Biomass pellets are used widely as a new green energy fuel, which is mainly used as a substitute for fossil fuels. They provide a sustainable fuel, producing low levels of carbon and being highly combustible – ideal for heating industrial facilities. However, the ‘green tag’ of Pellets has been within dispute. We thought we would discuss this debate below and explore how a Ranheat Industrial Wood Waste Boiler could be a more sustainable alternative.
The biomass waste generated from wood processing industries include sawdust, off-cuts and bark. Recycling of wood waste is not done by all wood industries, particularly small to medium scale. Typically, the off-cuts and cuttings are either sold or are used as fuel for wood drying processes. Off-cuts and sawdust are usually burned. Reusing wood waste is challenging because it consists of various types of wood, such as solid wood, laminated chipboard, MDF, and plywood pallets, for example. This makes it difficult to recycle by conventional means.
One method of sustainably utilising wood waste often seen in industry is the usage of Wood Pellets and Pellet Boilers. The wood waste produced from industry can be taken to a Pellet Mill and returned as burnable pellets. Wood pellets are a heating and energy fuel made from compressed wood fibres. Wood pellets are used in pellet stoves, boilers and furnaces to heat homes, businesses and commercial locations. So, pellets are made from the materials that would otherwise end up in landfills.
By using a wood pellet boiler or other biomass methods, you’re reducing the amount of waste produced, while at the same time reducing the amount of gas or oil that’s being used. Wood pellets are a “carbon lean” fuel, producing a fraction of the Carbon emissions of fossil fuels. The process of burning a fossil fuel releases the stored carbon that was contained inside it back into the environment. Biomass fuels are what are known as contemporary carbon which means that when they are combusted, they release the same carbon levels that were recently consumed by the growing plant, meaning that the carbon levels are consistent and sustainable. This only works when the fuel source is replaced when the plant matter / fuel is harvested. As the cost of fossil fuels continues to climb, and environmental laws get tougher (and taxes higher), it is expected that using wood to heat buildings and processes will become ever more popular.
Although as noted the usage of Pellets and Pellet boilers can bring a range of commercial and environmental benefits, it does have its own shortcomings. One argument critics often raise is over whether it is as ‘carbon neutral’ as it claims to be. As mentioned, the use of the pellets is carbon lean however it is where it is sourced from and the travel miles where the issue lies. The benefits of Pellets must be discounted by the loss of the carbon sequestration that would have occurred in the original forests/woods if they had not been harvested. The other factor highlighted which is often overlooked is the carbon dioxide emitted during the transportation of the pellets and even the materials to make them. We have visited some farms that offer the worst-case scenario. Growing trees for fuel, farming those trees using diesel, processing and pelletising that wood using diesel powered machines, transporting and distributing those pellets using diesel lorries. This is not a green supply chain, at best is green tinge of brown. A rising number of scientists and environmental campaigners, including Greta Thunberg have also challenged the ‘Carbon Neutral’ tag pellets currently have. This is a factor that needs to be considered when debating which system is best for your situation.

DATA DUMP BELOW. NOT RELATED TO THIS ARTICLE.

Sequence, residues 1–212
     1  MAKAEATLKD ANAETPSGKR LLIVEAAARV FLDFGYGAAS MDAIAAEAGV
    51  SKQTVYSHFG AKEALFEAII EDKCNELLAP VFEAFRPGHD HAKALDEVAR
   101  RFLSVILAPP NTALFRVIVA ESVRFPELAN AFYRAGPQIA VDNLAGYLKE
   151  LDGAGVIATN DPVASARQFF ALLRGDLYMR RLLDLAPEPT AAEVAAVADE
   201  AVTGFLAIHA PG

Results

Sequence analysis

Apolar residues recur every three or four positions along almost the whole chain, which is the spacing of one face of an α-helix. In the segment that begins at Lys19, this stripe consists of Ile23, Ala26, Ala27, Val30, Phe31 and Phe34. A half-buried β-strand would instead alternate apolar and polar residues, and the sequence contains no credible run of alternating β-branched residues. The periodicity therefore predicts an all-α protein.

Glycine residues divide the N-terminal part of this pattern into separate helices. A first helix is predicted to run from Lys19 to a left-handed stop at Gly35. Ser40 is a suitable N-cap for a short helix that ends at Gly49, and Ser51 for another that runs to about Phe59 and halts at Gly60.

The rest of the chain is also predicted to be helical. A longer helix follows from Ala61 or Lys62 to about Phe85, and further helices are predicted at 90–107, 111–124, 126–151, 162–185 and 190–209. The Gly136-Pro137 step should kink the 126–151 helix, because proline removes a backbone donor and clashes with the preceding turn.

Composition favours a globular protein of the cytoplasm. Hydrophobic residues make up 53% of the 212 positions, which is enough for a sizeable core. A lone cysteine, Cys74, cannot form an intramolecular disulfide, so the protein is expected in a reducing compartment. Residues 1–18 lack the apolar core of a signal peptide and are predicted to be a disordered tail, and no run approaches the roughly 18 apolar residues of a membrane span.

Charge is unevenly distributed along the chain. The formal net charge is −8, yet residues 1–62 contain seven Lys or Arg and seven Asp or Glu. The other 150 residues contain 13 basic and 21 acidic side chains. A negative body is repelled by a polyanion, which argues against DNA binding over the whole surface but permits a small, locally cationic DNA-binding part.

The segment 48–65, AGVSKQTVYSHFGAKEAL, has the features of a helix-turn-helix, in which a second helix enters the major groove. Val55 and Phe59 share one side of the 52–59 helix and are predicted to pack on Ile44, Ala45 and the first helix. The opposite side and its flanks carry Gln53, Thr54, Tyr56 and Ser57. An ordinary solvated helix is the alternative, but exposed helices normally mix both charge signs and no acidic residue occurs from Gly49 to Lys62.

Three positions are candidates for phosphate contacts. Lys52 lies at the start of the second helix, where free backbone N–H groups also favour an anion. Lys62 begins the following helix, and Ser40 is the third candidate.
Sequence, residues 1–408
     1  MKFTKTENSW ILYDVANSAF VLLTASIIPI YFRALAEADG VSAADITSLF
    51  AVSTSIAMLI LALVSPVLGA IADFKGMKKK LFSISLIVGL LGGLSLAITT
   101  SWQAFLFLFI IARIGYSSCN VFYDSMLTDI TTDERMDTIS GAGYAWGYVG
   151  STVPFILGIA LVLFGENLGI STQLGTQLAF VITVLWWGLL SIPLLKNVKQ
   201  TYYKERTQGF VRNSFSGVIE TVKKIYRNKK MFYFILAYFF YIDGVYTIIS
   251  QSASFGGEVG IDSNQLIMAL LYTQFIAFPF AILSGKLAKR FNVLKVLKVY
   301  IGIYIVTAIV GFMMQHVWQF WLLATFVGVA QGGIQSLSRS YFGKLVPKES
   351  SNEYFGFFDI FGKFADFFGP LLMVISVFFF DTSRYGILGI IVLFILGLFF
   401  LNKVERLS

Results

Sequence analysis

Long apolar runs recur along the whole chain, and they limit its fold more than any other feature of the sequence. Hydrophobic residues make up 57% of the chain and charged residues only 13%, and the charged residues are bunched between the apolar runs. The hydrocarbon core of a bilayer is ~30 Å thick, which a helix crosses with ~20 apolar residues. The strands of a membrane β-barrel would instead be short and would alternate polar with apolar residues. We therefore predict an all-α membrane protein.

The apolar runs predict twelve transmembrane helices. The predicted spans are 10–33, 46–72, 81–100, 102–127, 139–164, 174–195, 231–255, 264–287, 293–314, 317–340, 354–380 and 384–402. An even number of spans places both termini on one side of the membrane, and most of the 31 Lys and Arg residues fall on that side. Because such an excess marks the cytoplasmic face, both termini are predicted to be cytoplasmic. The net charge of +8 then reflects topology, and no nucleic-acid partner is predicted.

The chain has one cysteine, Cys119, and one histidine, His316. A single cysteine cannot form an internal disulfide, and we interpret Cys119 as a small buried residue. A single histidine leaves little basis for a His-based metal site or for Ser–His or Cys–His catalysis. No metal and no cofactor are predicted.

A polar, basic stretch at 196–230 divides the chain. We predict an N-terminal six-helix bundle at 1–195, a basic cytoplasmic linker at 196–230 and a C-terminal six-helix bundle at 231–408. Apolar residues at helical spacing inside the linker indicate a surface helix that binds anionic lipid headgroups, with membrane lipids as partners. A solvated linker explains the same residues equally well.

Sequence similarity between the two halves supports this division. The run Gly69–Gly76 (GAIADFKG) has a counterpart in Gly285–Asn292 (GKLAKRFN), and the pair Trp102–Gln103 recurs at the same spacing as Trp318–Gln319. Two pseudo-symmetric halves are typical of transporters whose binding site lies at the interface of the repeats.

What we have identified is that Biomass is only as green as its supply chain. Transport and logistics are the barrier to the green credentials of Pellet Boilers and biomass as a whole. Although we have highlighted the drawbacks of Pellet systems there is no doubt that sustainably harvested biomass can play a significant role in meeting long-term climate targets so should not be discarded by any stretch.
Industrial Wood Waste and biomass offered by Ranheat steps around this entire problem. People need and want products that are made of wood. There is already a demand for kitchens, furniture, structural timber, garden products and many more items. There is also a big swing in the construction industry to use less steel and concrete and more composite structural beams. We have seen a big up swing during 2020/21 of the purchasing of garden equipment, fencing, sofas and all wood-based items. This has been driven by domestic demand increasing and the cost of importing increasing. In the short, medium and long term, we are going to have more industrial wood waste to use.
This is a fantastic green resource that needs to be used correctly to get the most carbon savings. The greenest way to use this biomass energy, is in an onsite industrial wood waste boiler and heater. This removes the fuel miles and diesel that would be required if the material were transported to another site. Take a look at some of our previous Case Studies and feel free to get in touch to see what a Ranheat Biomass Boiler could do for you Contact us.